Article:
The UK recently opened its first investigation into VR sexual assaults, setting off a debate about whether the law should redefine metaverse crimes. Even so, we should all face up to the pain of the person involved, whether it comes from the virtual or real world, the wound is real.

The first "metaverse" virtual world sexual assault case was officially launched in the UK on January 1, 2024.

At the time of the crime, a 16-year-old girl was playing a game with a VR headset when multiple male gamers used their characters to sexually assault her doppelganger.

In fact, this is not the first incident of metaverse harassment since the increasing innovation of VR and virtual reality technology.

Metaverse crime incidents are not exceptional, and have happened in Meta games in the past

Horizon Worlds, a VR online game operated by Meta, has been reported by users in the past that they have been continuously followed by other players in the game after entering Horizon Worlds, and have been subjected to uncomfortable verbal harassment.

Research by research agency Limina Immersive shows that the next generation of children will use nearly three hours a day on virtual reality devices, and will spend about 10 years in their lives.

With the gradual maturity and popularity of VR, coupled with the fact that the design of virtual reality is essentially to make people indistinguishable, and the difference between digital and real experiences, perhaps we should rethink how we can view and deal with the similar feelings and experiences of virtual avatars and users' bodies when sexual assault incidents occur in the virtual world.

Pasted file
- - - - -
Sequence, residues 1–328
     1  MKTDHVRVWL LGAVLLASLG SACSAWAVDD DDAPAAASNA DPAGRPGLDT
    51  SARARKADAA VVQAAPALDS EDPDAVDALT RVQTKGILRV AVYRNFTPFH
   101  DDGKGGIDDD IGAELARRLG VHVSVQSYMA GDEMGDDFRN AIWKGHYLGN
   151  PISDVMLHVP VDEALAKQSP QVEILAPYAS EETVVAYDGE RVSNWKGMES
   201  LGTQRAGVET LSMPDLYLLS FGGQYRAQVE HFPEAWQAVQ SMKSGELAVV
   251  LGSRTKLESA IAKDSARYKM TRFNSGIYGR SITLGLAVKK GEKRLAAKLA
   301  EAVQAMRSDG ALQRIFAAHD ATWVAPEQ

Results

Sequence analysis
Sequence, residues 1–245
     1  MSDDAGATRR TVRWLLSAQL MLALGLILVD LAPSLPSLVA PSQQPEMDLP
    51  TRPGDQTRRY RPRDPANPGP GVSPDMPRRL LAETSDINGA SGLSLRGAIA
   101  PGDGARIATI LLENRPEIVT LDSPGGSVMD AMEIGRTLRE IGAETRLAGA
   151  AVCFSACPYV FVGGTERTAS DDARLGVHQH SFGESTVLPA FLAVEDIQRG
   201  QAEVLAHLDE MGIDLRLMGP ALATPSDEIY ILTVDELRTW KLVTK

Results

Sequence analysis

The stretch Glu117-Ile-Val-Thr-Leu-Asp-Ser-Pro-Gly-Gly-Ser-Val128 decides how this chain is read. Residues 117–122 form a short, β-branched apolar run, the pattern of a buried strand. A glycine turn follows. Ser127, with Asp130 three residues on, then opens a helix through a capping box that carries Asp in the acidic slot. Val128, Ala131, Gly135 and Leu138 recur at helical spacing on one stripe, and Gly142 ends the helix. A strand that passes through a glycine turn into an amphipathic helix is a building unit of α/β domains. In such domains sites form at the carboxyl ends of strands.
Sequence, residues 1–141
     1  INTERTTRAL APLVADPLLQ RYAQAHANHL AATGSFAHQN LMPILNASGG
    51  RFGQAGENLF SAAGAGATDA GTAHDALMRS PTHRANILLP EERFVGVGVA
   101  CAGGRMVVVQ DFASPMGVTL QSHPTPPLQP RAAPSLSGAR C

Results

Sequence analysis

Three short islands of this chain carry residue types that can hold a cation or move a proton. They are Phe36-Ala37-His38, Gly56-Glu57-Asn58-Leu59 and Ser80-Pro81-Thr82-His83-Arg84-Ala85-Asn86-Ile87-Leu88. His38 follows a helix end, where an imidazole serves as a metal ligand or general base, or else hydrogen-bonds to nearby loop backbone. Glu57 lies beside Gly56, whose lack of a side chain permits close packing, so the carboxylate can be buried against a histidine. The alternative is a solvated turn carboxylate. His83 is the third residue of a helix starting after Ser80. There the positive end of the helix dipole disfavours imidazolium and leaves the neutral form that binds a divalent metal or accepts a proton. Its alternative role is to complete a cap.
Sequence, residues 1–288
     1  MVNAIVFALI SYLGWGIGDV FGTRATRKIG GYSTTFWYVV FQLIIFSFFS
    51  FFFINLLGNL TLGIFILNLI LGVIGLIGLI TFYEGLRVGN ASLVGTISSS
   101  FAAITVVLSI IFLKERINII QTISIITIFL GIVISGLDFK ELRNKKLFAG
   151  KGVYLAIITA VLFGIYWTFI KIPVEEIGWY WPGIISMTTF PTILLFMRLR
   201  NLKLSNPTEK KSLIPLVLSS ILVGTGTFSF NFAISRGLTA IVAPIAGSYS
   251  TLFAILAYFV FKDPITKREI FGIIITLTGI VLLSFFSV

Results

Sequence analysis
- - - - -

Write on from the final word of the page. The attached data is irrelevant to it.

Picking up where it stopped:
In order for the metaverse to become, as Meta puts it, "a place for you to explore new worlds and share experiences", it is truly a new way for people to connect, rather than allowing this shared experience to become a hotbed of crime.

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Is it a crime to act in virtual reality?

From an institutional point of view, given that the definition of sexual assault under the current UK law is "physical contact with another person without their consent", the definition of "physical contact" does not yet cover conduct in the virtual world, which also brings challenges to law enforcement.

In response to the virtual world incident, Ian Critchley, head of child protection and abuse investigations in the UK, said that "virtual worlds expose children to the risk of being criminalized", and pledged that continued changes in policing will ensure that all people are protected from threats to use technology in cyberspace.

Returning to Taiwan, the definition of sexual assault in Article 2 of the Sexual Assault Prevention and Control Act only covers "penetrating sexual acts, touching, touching or other obscene acts", which shows that it is still based on "physical" and "contact", and there is still room for discussion on how to deal with sexual assault incidents in the virtual world.

(Guess you want to see: "I could be your sister, your friend, or your daughter" sexual harassment virtual reality, take you through the most shocking night of the victim)